Heat Shows Guts In San Antonio, Fall Short 94-90 for Fifth-Straight Loss

Recap6 years ago5 min readRob Slater

Five-game losing streaks are no fun, but for this HEAT team they just might be a necessary part of the process. Earlier this week, Pat Riley said Justise Winslow “needs more and more failure” to succeed faster with added experience.

On Monday night in San Antonio, the second-year forward and the HEAT got another dose of failure, falling short to the Spurs 94-90.

A loss it was, but not all was lost as Miami put together an encouraging showing in the second half, which nearly led to a road steal against one of the NBA’s most consistent franchises.

The first half looked like a practice drill for San Antonio, who got just about everything they wanted on the offensive end. LaMarcus Aldridge went a perfect 8-for-8, taking advantage of smaller matchups against Luke Babbit and Derrick Williams (who started his first game of the season) along with Hassan Whiteside’s inability to venture outside of the paint to contest his mid-range jumper.

When it wasn’t Aldridge, it was Pau Gasol and Kawhi Leonard who paced the Spurs to a 55-40 halftime lead. Miami’s offense was rendered inept, once again, as Gasol and Aldridge occupied Whiteside in the paint, stifling Miami in the half-court.

Despite staring an ugly road loss square in the face, the HEAT emerged from the locker room an inspired team. They finally turned their defense into offense, letting their fast pace create better scoring opportunities.

Yes, Miami fell four points shy of a win, and while nobody is handing out moral victories, the offense’s execution in the second half needs to be the blueprint moving forward.

Let’s break down specifically what went right and wrong for the HEAT on a night where they picked up their fifth-straight loss.

What Went Right

• Tyler Johnson: The $50 million man fueled the entire team when they needed it tonight on a sturdy 11 points, eight rebounds and six assists. But it was his activity, ball movement and pacing of the offense that proved to be far more worthwhile. In Goran Dragic’s absence, Johnson proved the value of his role as backup point guard/sixth man.

• Interior Defense: Much of the second half near-comeback started with the stingy inside play of Whiteside, James Johnson and Derrick Williams (Willie Reed was a DNP). Aldridge was held without a field goal after his flawless start, and Gasol was given similar troubles after the break as Miami’s big men cleaned up their first half mistakes. With Dwight Howard coming to the AmericanAirlines Arena on Tuesday, this should be an encouraging sign.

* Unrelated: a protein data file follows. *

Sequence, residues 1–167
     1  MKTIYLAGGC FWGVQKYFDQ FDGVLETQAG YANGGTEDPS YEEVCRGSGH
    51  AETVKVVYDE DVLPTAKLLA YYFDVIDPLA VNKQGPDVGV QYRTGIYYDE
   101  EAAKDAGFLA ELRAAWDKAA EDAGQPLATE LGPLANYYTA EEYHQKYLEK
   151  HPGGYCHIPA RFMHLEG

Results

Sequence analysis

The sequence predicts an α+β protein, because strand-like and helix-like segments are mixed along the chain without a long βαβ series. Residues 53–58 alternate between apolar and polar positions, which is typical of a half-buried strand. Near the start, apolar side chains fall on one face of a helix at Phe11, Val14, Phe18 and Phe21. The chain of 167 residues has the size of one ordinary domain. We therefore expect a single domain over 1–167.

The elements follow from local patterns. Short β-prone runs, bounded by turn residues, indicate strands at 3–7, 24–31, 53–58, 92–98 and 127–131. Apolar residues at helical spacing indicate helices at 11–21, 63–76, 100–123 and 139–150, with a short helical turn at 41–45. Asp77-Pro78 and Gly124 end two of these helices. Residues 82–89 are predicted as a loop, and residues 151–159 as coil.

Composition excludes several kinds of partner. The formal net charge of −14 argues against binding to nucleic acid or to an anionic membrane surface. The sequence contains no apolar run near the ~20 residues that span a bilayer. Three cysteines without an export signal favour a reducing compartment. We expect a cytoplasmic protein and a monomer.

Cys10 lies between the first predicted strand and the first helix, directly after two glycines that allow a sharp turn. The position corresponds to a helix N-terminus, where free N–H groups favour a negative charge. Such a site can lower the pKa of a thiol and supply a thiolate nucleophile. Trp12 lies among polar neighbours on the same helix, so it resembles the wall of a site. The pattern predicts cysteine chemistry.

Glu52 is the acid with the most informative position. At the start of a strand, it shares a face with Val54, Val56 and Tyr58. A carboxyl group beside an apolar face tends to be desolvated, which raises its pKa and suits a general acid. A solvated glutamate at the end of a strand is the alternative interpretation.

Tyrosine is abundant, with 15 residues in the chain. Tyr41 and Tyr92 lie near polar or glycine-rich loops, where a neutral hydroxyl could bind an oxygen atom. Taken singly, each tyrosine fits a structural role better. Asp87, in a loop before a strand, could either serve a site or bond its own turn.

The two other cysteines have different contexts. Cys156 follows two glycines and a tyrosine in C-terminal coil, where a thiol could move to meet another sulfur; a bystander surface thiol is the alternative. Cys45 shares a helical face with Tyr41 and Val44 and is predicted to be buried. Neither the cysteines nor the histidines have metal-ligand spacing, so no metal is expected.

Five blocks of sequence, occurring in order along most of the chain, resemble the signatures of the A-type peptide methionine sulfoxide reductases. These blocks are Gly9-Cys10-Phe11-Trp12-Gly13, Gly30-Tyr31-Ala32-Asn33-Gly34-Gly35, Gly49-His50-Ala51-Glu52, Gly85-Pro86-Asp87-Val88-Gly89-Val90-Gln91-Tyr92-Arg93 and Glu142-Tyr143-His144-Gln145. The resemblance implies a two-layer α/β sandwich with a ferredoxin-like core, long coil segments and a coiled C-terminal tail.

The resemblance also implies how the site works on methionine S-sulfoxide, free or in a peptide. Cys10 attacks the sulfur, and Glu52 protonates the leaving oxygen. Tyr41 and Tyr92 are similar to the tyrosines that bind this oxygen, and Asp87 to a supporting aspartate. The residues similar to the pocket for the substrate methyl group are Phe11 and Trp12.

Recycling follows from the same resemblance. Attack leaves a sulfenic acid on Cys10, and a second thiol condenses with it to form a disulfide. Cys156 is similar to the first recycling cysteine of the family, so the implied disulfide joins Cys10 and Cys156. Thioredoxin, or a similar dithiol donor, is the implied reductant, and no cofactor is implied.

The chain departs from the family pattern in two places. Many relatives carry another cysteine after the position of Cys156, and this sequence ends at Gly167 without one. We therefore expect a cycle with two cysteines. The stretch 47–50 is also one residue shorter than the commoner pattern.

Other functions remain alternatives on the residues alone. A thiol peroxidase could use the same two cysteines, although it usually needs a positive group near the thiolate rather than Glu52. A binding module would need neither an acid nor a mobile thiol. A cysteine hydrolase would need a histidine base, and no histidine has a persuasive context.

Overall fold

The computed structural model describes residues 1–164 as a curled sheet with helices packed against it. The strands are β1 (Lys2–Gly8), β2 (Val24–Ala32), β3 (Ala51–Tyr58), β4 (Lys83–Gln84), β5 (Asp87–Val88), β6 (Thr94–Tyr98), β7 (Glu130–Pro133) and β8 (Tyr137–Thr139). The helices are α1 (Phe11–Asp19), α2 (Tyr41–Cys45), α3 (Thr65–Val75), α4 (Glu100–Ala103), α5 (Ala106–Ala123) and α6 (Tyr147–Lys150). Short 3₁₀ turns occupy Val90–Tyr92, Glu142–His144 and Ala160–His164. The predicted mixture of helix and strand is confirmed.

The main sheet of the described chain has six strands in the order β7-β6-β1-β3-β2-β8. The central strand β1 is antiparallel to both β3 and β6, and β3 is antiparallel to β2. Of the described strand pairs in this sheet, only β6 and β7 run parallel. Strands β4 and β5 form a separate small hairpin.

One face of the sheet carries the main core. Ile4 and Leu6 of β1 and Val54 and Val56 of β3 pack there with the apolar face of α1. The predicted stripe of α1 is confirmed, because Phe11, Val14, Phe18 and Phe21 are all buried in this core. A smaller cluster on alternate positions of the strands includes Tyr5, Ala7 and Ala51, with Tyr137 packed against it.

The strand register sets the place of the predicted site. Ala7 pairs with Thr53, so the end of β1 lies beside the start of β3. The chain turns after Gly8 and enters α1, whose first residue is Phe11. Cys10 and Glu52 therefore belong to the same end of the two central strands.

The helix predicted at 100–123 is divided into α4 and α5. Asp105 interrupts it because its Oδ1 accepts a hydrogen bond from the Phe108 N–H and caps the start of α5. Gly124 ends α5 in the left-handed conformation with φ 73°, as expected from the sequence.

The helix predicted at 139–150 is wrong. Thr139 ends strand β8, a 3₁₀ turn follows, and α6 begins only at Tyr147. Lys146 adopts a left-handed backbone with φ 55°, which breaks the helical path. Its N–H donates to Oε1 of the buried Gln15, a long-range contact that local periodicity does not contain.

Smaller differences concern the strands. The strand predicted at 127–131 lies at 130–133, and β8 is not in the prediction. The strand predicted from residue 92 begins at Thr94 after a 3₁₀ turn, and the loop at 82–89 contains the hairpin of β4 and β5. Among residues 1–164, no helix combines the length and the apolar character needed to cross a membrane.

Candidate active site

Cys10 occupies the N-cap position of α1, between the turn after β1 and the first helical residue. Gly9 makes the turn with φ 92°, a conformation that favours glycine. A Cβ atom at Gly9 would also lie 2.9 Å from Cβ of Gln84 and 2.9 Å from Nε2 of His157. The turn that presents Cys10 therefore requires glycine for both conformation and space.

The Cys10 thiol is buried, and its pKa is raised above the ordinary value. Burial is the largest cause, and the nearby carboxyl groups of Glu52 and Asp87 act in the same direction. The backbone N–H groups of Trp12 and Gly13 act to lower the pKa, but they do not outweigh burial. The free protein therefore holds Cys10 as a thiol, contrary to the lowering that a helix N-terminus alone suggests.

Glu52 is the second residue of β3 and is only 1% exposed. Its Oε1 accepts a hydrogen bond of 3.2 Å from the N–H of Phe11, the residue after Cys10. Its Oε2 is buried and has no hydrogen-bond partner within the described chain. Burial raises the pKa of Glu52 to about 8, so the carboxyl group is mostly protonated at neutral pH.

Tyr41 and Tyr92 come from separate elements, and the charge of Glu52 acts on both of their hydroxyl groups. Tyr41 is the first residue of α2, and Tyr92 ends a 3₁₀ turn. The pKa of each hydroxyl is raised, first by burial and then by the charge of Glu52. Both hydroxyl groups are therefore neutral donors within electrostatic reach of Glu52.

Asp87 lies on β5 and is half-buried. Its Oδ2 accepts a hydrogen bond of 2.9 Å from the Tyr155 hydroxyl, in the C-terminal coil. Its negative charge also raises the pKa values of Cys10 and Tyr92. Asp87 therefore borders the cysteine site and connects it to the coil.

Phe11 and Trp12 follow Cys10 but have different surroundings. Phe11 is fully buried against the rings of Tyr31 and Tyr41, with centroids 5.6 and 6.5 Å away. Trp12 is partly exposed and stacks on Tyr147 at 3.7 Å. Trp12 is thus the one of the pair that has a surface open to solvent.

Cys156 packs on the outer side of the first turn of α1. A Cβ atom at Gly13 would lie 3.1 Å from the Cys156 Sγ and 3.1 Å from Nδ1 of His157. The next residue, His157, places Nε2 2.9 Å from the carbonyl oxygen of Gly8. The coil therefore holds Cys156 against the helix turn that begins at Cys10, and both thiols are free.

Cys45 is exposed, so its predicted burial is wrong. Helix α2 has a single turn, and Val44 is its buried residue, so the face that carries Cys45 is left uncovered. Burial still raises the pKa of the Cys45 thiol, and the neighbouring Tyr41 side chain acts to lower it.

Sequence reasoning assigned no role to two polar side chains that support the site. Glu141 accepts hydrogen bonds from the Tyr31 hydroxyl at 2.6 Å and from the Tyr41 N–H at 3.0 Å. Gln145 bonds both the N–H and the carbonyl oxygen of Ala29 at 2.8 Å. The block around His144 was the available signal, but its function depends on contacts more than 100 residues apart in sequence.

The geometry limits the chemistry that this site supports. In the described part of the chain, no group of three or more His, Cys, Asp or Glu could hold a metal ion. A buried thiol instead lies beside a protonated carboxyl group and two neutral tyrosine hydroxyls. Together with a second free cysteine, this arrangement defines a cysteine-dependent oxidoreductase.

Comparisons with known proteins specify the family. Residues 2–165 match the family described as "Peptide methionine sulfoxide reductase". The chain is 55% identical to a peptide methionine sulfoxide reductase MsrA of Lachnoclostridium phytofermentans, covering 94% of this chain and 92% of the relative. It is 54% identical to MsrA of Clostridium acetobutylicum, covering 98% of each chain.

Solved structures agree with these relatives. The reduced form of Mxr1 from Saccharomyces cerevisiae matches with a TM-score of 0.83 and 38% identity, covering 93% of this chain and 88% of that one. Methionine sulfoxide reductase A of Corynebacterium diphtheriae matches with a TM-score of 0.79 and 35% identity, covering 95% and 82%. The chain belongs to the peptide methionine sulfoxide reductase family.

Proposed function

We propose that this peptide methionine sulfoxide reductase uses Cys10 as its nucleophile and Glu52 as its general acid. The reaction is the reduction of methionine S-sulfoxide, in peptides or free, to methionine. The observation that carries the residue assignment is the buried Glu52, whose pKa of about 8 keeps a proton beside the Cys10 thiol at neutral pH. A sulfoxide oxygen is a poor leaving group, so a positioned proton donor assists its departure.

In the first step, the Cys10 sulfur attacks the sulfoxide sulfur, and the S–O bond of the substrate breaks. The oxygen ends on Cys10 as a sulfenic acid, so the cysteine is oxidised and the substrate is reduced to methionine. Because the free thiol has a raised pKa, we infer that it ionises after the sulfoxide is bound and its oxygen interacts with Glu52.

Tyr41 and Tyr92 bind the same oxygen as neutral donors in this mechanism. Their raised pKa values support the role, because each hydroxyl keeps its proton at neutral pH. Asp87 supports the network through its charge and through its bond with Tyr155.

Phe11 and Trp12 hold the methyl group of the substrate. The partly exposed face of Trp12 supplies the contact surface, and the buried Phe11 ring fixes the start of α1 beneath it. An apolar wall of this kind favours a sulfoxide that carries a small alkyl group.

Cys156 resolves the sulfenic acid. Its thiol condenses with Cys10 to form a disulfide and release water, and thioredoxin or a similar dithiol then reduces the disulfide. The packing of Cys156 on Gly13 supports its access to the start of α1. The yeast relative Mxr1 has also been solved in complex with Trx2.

• Hassan Whiteside: While Pat Riley gushed to David Aldridge about the HEAT’s new franchise center, Riley encouraged Whiteside to become an “all-the-time-guy.” After a slow start, Whiteside morphed into just that especially in the second half, powering through a packed paint and to the tune of 23 points and 17 rebounds. Whiteside routinely dealt with triple teams from the Spurs’ (soon-to-be) Hall of Fame frontline, and met it with the type of force Riley and those wishing him to succeed are looking for.


What Went Wrong

• Free-Throw Shooting: It’s staggering that an NBA team can be this bad from the charity stripe. When you’re down 15 points at halftime, eight missed free throws don’t seem all that impactful, but losing by four with nine missed free throws leaves you kicking yourself at the end of the night. The HEAT maintained their dead last ranking in team free-throw percentage, just one point (67.2 percent) below their Tuesday night opponent: the Atlanta Hawks.

• Missed Layups: Free throws and layups are fundamental parts of the game, so you’re once again kicking yourself. Dion Waiters was the high man with 27 points but was 6-for-13 at the rim, and the HEAT as a team moved to 53.6 percent from inside five feet. The difficult part about losing this game is thinking how much easier it could’ve been if they did the little things correctly.

• Justise Winslow: Winslow’s first matchup with Kawhi Leonard on Oct. 30 saw the 20-year old stand up to the Finals MVP. This time, he shrunk. Winslow is in a funk. There aren’t many other ways to put it. A dismal 3-for-12 from the field, including a terrifying airball to end the first half was just one of his many lowlights on the night. Defensively, Winslow looked slow and lost, not yielding much resistance as Leonard poured in 24 points of his own. This is what Riley was referring to when he said Winslow needed more failure, so let’s see how he responds against Atlanta.

The fact remains: The HEAT don’t know yet how to win games as a team. They’re close, certainly a lot closer than their 2-7 record shows. Losing to this Spurs team twice by a combined seven points is an encouraging sign in an of itself, but looking back at how many small, fundamental miscues went terribly wrong, it’s hard to hang your hat on a moral victory.

This is a team that needs to start making it easier on themselves, otherwise, the losses will continue to pile up, and so will the impatience of the team’s president.